Mornin’ all!  You can see what’s on my mind.  I’ve frittered away another week and it’s Friday and of course I haven’t finished my To Do list.  From yesterday’s goals, it’s an easy pick for what didn’t get done.  Not a bill was paid, not even one.  I am not one of those people who hates paying bills.  I am forever grateful that I have the means to pay my bills, and I feel really accomplished and grown-up and capable when I sit down and pay everyone.  The big hurdle is getting everything together to pay them.  First, I kind of clear a space on my kitchen table.  That’s the same table where I write shopping lists, pile up mail, do some photographs of my products, lay out things that need piecing, and do other art projects.  Once in a blue moon we actually eat there.  Next I collect all the stuff I need:  plain envelopes (for businesses that are too cheap to send you a return envelope), stamps (an assortment of current 41 cents, old 39 cents, and the 2 cent bridges), bills(some scattered around in the house in alternate mail sorting stations), a pen (preferably a Pilot G-2 with blue ink), and a cup of coffee.  Oops, forgot, need my laptop because I pay some of them online.  Damn.  Why did I write out that list?  I’m tired just thinking about it and I cannot get out of it today because guilt is nagging at me. 

Guilt is a chronic theme with me.  I was raised by older parents.  They had six children in two groups.  I was the first child of the second group, which consists of me and my baby sister, the afterthoughts.  There’s almost a ten year gap between groups, which means we got the old parents.  My older sisters were raised by the younger, more current parents, who did not change their parenting techniques one iota to deal with their pair of late offspring.  The old parents taught me to always, ALWAYS work before play, keep a schedule, take pride in my work, do my best, and clean my plate.  When I was in my residency at Johns Hopkins Hospital slaving away day and night and day again (yes, we took call every other night as interns and we went home only when the work was done) I would finish a long two days and make it to the front steps of the hospital and sit down and cry.  Periodically I would call my parents and tell them how awful it was and then I’d get a letter in the mail with a newspaper clipping with some timely topic -“Staying Close to God in Times of Stress” or “How Pro Athletes Train Their Minds and Bodies” or “Rebel Teen Crashes and Burns” and writing on the flap of the envelope that said “WORK HARD”.  You get the picture.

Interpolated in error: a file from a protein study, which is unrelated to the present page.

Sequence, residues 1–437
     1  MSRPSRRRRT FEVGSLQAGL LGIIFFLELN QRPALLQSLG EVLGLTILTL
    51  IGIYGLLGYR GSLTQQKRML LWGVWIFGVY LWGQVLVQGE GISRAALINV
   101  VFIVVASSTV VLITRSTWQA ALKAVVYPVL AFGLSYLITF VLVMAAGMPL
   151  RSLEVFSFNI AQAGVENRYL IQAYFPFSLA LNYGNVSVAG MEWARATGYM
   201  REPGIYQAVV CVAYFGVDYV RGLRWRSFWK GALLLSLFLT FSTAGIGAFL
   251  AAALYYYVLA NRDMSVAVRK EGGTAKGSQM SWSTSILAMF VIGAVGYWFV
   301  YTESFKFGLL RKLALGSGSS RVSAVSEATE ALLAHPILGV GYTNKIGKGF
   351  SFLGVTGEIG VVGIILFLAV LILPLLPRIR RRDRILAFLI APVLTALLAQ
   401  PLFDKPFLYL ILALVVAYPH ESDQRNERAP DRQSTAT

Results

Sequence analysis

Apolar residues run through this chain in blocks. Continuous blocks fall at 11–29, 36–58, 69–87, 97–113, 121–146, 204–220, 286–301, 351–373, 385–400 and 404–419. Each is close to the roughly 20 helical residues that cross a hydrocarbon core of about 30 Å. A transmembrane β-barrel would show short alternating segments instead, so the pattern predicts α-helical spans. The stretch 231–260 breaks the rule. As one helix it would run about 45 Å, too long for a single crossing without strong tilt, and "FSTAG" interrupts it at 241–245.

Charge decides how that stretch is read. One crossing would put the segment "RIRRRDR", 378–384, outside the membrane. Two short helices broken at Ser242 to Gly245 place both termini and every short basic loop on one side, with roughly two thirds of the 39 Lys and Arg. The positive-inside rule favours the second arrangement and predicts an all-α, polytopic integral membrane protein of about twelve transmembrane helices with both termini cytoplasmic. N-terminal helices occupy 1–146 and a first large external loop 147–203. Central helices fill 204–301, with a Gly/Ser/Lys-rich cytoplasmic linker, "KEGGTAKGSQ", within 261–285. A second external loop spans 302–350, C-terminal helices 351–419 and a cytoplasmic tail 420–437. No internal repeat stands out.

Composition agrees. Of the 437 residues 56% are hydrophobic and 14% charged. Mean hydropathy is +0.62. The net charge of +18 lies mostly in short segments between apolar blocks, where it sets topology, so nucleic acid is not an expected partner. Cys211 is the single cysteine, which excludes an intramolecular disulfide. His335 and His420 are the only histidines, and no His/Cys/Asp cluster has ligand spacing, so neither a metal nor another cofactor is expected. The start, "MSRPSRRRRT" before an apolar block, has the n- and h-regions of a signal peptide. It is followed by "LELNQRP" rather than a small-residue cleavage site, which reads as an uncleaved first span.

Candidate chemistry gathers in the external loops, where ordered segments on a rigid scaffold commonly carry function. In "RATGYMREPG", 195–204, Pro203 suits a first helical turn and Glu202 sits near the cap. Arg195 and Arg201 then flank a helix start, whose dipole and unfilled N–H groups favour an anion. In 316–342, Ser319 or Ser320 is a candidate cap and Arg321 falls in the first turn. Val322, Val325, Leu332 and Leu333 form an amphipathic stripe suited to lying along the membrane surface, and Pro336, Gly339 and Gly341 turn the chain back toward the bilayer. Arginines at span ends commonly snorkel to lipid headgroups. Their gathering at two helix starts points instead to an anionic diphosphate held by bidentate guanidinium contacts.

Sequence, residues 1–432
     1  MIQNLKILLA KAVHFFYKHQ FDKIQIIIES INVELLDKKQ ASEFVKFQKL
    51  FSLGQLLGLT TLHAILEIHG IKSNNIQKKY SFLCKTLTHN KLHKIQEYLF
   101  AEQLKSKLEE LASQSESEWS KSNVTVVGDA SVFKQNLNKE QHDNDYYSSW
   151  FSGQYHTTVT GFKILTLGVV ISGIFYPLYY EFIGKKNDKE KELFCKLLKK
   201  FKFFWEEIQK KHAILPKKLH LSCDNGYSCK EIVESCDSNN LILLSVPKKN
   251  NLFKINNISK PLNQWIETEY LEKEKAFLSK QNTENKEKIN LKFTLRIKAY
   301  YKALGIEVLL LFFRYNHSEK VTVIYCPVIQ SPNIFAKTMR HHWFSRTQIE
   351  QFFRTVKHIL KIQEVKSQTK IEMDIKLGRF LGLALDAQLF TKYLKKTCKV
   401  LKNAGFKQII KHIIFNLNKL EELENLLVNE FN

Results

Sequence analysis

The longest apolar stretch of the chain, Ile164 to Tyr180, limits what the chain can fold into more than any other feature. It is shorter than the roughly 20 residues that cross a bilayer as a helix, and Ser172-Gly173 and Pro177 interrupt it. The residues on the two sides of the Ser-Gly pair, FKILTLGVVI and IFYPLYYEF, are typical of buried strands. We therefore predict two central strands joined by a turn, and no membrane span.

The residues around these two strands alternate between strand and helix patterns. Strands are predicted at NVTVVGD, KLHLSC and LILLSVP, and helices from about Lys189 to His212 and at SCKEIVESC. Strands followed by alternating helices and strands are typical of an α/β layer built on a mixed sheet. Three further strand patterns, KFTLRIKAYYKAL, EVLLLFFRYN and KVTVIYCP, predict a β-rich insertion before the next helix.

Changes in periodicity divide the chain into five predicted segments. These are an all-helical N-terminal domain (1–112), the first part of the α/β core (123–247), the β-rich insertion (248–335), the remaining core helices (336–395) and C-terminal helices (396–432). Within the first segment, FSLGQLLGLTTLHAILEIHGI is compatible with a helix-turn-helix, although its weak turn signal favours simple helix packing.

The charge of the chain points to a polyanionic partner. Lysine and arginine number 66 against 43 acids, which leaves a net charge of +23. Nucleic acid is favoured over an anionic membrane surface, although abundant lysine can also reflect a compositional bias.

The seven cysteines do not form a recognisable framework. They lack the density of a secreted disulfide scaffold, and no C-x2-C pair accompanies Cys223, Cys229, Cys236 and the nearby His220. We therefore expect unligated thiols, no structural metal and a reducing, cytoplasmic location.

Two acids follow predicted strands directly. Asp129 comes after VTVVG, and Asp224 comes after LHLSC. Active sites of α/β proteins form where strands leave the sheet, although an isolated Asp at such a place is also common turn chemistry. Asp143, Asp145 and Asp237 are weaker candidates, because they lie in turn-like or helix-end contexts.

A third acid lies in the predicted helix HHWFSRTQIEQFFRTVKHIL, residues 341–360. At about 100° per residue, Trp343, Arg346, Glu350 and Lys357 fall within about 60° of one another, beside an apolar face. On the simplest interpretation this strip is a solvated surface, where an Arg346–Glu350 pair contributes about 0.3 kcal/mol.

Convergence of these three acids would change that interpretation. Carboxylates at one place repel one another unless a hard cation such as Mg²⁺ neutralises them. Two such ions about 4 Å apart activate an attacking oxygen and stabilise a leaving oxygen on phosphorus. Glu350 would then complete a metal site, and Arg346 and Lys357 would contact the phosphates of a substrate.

They may have made that emphasis because they realized that I was a kid who would always question the rules before deciding whether to follow them, and that I would choose the low, brambly road before the high, direct one.  Despite my questioning tendencies and my ability to do other than what my training told me, I still have major pangs of guilt from those synapses made in my childhood.    I am still trying to break those spiderweb-like threads that grab at me.  They don’t have the ability to hold me any more, but they can worry the heck out of me. 

Fortunately I am 50 and have learned some timely lessons.  In my 30s I realized that I’d never reach steady state, life would never smooth out and be calm and predictable, and there would always be a crisis lurking.  In my 40s, after years with lupus, I learned to make my standards comfortably low and really go after the things that had a high priority for me.  So today, I can think about paying bills, realize that it’s only number three or four on my list, and decide that I won’t die or cause world devastation if I put them off another day or two. 

What I’d really rather do today is knit.  And stuff related to knitting.  I want to visit the Yarn Works Inc studio (http://www.yarnworksinc.com/) and take out the summery stuff that I had there on consignment and replace it with winter stuff.  Yarn Works Inc. is a coop of eight women who have various fiber arts interests.  They have put together a studio that is a wonderful, warm place to shop and learn.  It’s in a rehabbed saddle factory on the Southside of Chattanooga.  You may not realize it, but Chattanooga is acclaimed for our farsighted, comprehensive work in sustainability.  You probably have realized that I am obsessed with documentation, and when I make a claim I’m gonna give you a reference, so here’s a little something to read about Chattanooga and it’s incredible progress in this area:  http://www.nextstep.state.mn.us/casestudy.cfm?id=74

Okay.  My work here is done.  I’m gonna watch one of my idols, Ellen Degeneres, and knit.

Peace!